One of the most important elements in your blog’s web design is the post title. It reaches out and grabs people’s attention. It informs them of what the post is about, hopefully. On a multi-post page view, the title should stand out so the reader’s eye can flow down the page, noting each titled article from the rest of the text and images. The title should separate each post along the long line of posts. It is the most important “sales tool” for getting people to read your post.
WordPress uses a template tag called “the title” or “the post title” to generate the title of your posts. According to the WordPress Codex List of Template Tags, the PHP template tag for generating the post title is:
<?php the_title(); ?>
There are three parameters for the post title template tag:
<?php the_title('before', 'after', display); ?>
The most common usage of the “before” and “after”is to put a heading tag around the post title:
<?php the_title('<h2>', '</h2>'); ?>
The “display” parameters is for PHP coding, instructing the code on whether or not the title should show. The default is “TRUE” which means “show the title”. If you were working with a conditional statement in the WordPress Loop with instructions to show the title if the conditions were met, but not to show it otherwise, or visa versa, then you would set the “display” parameter accordingly. I’ve yet to think of a condition and situation when you would not want the title to show, but the option is there.
One of the neat things about the title template tag is that it can be set inside of a link that will open the post when the title is clicked. For most WordPress users, this is a no brainer. Aren’t all post titles links? No, not always. A few WordPress Themes and many other blogging tools set the link to the full version of the post, known as the single post view, in a permalink or in the “read more” link. In order to view the entire post, you have to click one of those two links. Having the title be a link directly to the single post view speeds up the process, since it is usually the title that suckers people in to reading the post anyway.
To put the title template tag into a link, we have to use another template tag that generates the link to the single post. It is called the permalink:
<?php the_permalink(); ?>
In order to make the link to the post meet accessibility web standards, we need to add a “title” to the link. Using the same title template tag, we can insert the title of the post into the link to the post in the post heading.
To use this to create a link to the post, the code looks like this:
<a href="<?php the_permalink() ?>" title="<?php the_title(); ?>"><?php the_title('<h2>', '</h2>'); ?></a>
When the link is generated, the HTML would look like this:
<h2><a href="http://example.com/2006/10/12/my-post-title" title="My Post Title">My Post Title</a></h2>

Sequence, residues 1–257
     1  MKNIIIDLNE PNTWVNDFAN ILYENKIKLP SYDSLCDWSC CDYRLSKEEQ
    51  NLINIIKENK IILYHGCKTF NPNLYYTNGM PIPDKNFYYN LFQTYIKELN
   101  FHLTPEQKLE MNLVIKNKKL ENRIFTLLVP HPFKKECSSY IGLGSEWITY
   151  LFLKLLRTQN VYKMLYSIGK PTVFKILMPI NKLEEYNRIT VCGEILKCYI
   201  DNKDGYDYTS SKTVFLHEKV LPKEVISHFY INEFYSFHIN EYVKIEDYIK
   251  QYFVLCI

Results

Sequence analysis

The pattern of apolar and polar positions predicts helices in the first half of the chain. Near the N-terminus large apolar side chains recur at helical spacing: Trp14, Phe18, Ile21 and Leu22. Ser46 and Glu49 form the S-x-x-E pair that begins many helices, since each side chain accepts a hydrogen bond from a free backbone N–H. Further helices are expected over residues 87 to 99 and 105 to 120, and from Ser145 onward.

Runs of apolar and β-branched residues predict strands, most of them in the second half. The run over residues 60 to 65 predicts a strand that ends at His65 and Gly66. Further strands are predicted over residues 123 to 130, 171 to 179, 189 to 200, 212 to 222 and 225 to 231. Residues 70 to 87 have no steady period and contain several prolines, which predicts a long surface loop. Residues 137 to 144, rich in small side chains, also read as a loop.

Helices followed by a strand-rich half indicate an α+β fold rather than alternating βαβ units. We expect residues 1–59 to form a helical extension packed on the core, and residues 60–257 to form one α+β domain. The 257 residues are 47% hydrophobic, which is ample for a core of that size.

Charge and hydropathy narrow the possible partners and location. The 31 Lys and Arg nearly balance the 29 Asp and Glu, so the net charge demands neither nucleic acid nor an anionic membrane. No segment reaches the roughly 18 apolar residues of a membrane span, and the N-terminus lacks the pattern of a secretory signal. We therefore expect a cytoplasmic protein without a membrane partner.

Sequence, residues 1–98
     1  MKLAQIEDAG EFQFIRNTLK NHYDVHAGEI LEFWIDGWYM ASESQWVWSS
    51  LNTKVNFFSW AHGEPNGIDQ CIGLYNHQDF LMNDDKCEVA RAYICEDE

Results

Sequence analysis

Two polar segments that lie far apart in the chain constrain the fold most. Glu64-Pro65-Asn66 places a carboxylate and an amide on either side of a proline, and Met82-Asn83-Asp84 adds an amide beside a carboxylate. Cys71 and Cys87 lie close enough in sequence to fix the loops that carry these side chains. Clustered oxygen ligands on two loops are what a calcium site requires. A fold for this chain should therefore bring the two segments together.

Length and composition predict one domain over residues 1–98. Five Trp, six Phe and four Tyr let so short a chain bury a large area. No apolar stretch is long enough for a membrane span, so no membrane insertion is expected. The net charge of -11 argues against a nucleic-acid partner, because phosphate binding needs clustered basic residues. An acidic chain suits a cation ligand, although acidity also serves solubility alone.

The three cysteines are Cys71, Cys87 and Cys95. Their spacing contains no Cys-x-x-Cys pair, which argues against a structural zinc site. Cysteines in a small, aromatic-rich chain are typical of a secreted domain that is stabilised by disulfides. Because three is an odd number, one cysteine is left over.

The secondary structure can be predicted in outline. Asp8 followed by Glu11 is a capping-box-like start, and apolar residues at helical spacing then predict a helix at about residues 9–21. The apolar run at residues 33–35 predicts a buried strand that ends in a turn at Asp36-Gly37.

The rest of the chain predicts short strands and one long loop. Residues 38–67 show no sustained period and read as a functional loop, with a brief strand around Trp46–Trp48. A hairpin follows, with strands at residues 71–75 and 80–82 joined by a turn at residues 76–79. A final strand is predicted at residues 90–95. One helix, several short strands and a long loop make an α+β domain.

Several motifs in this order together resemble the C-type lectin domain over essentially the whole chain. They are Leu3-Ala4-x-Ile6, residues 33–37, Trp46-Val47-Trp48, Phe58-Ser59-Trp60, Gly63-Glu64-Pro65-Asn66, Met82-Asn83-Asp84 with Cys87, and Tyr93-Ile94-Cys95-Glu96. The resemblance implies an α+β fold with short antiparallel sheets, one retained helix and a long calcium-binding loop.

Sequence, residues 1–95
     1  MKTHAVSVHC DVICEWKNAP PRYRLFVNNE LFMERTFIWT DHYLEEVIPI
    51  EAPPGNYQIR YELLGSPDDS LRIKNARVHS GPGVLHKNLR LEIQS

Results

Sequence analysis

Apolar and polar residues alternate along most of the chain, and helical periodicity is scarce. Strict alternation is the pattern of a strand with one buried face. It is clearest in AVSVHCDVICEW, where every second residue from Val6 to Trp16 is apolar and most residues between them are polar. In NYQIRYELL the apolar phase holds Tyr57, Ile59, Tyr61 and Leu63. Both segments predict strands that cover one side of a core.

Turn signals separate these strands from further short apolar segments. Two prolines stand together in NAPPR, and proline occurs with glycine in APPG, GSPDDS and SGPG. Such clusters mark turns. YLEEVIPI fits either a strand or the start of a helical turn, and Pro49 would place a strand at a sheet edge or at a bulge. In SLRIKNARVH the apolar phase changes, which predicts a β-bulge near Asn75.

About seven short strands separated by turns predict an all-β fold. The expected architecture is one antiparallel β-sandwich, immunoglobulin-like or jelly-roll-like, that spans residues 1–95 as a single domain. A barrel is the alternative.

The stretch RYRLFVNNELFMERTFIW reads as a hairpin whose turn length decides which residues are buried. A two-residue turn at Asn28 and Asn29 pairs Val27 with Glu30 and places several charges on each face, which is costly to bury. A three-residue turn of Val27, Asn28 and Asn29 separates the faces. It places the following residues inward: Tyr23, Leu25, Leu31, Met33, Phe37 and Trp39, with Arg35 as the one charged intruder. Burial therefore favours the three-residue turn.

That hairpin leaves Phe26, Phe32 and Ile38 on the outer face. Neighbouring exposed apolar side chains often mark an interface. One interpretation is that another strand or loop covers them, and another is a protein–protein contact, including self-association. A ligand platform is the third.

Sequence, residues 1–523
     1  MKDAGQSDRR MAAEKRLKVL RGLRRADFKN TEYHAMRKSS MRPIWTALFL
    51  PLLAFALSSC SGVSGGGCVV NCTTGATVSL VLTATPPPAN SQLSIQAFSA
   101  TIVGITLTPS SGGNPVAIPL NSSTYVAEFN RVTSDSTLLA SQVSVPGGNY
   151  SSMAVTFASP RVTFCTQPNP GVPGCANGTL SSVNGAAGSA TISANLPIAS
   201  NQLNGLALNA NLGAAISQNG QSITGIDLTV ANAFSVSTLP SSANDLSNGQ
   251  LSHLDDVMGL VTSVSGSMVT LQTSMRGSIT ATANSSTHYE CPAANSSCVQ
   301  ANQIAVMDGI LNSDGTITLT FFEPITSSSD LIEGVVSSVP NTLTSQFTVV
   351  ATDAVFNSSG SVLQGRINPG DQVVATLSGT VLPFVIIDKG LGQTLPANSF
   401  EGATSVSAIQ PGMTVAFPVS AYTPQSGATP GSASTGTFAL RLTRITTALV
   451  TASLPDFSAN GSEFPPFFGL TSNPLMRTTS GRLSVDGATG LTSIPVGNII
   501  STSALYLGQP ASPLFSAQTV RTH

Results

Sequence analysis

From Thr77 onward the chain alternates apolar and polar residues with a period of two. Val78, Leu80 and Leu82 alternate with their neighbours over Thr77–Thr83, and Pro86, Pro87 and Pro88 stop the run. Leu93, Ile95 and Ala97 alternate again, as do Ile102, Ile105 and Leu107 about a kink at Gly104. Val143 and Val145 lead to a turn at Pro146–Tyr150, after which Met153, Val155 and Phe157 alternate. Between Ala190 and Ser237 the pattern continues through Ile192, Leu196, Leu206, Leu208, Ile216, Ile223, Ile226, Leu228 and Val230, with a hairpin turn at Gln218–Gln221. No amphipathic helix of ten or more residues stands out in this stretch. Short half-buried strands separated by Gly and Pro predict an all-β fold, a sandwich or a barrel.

In the last example, the heading tags are used within the title template tag. You can also put tags outside of the template tag. And in this example, I’ve added a link relationship attribute which establishes this link as a bookmark:
<h2><a href="<?php the_permalink() ?>" title="<?php the_title(); ?>" rel="bookmark"><?php the_title(); ?></a></h2>
WordPress allows you to customize just about every element of your web page design, and one of those features allows you to set your styles to be different on a per post basis. For example, if your WordPress blog is dedicated to book or movie reviews, you can set a style to reflect the graphic characteristics of a specific book or movie. If it is about pirates, you can have that post feature water patterns in the background with a skull and crossbones graphic next to the title. If it is about raising children, then you can have a crib or toy blocks be part of your graphics, along with blue and pink colors.
The template tag that allows you to customize individual posts, if you want, is called the Post ID, and it generates the post ID number.
If you only want to change the look and presentation of the post title, you can add the post ID to the heading tag, and then set the styles in your stylesheet to reflect the different look.
<h2 id="post-<?php the_ID(); ?>">
Put together with the permalink and title template tags link, it would look like this:
<h2 id="post-<?php the_ID(); ?>"><a href="<?php the_permalink() ?>" title="<?php the_title(); ?>" rel="bookmark"><?php the_title(); ?></a></h2>
From here, it us up to you to design what that title link would look like. The following styles and tags involved are:
- #post-X such as #post-423 (post number)
- h2 a:link
- h2 a:visited
- h2 a:hover
You can add more style references, like DIV or SPAN, to the title to further its design elements. From here, the design elements are infinite.
With the use of Conditional Tags, you can add conditional elements to your code to change the results of the post title and blog post title structure depending upon which category the post is on, if it is a Page not a post pageview, if you are viewing archives, categories, or other pageviews in WordPress. See Conditional Tags in the WordPress Codex for specifics on customizing your title tag depending upon the page viewed.
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